The number of Los Angeles County homes slipping toward foreclosure dropped by 18 percent in the first quarter of 2012, compared to the same period last year, a real estate information service reported this week.
Lenders sent default notices to 11,443 homeowners in Los Angeles County in the first quarter, a decrease from the 2011 first-quarter total of 13,957, according to San Diego-based DataQuick.
In Orange County, default notices were sent to 3,733 homeowners, down 19.8 percent from the 2011 first-quarter total of 4,652.
Default notices were sent to 56,258 homeowners across the state in the first quarter of the year, DataQuick reported. That was an 8.5 percent drop from the previous quarter's 61,517 notices and down 17.6 percent from the first quarter in 2011, when 68,239 default notices were sent.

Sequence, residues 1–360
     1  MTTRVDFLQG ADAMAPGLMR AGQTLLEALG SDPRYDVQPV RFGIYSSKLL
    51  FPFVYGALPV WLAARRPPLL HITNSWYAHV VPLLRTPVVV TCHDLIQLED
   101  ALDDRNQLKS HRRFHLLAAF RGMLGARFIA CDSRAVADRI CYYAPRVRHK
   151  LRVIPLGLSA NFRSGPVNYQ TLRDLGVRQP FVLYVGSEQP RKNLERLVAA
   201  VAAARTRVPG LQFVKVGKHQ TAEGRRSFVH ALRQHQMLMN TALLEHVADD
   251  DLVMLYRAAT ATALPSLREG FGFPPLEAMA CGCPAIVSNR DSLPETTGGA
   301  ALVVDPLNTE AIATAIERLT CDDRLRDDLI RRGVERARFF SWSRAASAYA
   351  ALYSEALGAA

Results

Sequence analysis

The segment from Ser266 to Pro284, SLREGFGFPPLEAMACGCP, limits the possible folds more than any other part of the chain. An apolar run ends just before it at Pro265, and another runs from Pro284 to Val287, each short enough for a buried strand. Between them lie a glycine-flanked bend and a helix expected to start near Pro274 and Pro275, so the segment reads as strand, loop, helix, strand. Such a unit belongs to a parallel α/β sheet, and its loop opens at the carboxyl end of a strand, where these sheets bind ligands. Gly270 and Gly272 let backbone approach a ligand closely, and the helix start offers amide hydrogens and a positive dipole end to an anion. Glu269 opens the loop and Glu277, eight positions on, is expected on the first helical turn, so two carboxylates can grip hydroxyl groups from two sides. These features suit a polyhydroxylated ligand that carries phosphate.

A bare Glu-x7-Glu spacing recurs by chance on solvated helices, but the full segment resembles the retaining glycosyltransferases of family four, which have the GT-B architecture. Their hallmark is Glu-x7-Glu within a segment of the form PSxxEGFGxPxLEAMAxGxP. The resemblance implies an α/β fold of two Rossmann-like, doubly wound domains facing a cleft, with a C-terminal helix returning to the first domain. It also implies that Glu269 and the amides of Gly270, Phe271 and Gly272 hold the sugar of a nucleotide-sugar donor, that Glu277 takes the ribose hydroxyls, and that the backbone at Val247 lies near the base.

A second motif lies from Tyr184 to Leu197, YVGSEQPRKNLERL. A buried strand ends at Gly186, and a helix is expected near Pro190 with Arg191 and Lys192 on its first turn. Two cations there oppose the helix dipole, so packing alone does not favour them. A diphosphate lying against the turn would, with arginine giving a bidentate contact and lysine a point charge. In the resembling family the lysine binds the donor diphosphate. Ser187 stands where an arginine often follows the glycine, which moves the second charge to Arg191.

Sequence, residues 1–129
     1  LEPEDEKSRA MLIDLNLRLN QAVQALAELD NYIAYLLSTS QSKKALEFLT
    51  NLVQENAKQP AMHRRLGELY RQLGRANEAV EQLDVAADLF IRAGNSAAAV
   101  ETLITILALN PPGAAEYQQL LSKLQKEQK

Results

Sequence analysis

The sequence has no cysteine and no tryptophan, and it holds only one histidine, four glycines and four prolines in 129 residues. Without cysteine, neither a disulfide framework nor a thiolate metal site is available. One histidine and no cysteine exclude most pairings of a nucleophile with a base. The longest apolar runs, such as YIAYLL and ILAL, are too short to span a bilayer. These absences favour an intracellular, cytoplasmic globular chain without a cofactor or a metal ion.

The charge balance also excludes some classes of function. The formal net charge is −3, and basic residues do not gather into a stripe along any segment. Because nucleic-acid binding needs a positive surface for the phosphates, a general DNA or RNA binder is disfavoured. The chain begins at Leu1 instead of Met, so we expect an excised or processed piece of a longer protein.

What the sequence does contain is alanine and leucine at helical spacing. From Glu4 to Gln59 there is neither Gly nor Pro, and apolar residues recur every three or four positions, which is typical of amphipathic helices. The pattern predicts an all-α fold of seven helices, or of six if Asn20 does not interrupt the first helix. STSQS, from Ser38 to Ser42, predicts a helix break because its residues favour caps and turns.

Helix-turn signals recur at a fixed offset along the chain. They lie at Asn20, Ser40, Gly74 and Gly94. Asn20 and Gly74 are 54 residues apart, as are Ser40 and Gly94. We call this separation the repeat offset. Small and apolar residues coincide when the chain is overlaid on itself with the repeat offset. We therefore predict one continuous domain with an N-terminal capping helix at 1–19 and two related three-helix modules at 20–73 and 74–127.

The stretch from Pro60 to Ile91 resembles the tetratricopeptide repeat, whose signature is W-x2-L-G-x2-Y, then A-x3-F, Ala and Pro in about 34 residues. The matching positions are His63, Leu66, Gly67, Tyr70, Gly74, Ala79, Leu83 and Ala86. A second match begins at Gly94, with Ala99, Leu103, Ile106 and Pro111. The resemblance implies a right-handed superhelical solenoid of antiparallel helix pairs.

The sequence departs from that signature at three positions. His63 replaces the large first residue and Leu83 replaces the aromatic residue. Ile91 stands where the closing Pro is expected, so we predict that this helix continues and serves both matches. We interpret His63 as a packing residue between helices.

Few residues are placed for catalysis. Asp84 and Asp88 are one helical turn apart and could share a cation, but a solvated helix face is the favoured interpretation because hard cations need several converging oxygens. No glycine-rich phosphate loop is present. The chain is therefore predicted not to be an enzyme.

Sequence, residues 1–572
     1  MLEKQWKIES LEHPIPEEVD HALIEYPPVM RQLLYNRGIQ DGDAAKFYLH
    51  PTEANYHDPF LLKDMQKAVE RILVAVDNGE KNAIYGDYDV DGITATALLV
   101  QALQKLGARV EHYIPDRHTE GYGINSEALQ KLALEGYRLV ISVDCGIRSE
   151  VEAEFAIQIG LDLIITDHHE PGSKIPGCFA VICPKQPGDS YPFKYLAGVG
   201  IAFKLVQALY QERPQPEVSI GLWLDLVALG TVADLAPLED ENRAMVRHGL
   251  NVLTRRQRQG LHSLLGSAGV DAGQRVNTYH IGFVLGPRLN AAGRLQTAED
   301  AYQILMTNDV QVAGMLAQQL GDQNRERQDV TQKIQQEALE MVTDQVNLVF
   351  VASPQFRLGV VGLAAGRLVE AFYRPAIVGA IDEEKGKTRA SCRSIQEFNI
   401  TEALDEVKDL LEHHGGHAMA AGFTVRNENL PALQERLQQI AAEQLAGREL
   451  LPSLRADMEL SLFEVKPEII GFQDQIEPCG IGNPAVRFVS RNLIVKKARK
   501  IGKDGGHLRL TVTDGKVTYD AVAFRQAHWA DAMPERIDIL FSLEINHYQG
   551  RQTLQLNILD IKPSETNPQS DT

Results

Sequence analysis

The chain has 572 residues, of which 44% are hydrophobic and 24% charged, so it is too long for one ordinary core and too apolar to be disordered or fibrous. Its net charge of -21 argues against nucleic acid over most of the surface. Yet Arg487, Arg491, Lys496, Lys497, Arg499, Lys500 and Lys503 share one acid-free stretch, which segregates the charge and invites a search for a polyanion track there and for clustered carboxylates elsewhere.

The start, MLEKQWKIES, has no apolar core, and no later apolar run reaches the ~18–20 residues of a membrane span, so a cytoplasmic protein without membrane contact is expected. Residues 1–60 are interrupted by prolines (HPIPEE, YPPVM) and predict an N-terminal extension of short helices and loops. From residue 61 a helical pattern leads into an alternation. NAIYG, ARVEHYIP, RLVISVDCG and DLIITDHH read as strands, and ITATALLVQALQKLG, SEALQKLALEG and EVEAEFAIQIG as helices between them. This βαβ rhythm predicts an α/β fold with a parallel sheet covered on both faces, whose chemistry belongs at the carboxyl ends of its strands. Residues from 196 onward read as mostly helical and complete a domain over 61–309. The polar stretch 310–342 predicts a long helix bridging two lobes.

Last quarter's number of default notices was at its lowest level in nearly five years.
"Prices peaked five years ago and then started to fall off a cliff," said John Walsh, DataQuick president. "Foreclosure activity goes up when property values decline, and the worst of that decline was happening three years ago. Right now, property values in many areas appear flat."
Default notices do not always lead to a home foreclosure, according to DataQuick. Some homeowners emerge from the foreclosure process by bringing
their payments current, refinancing or selling the home.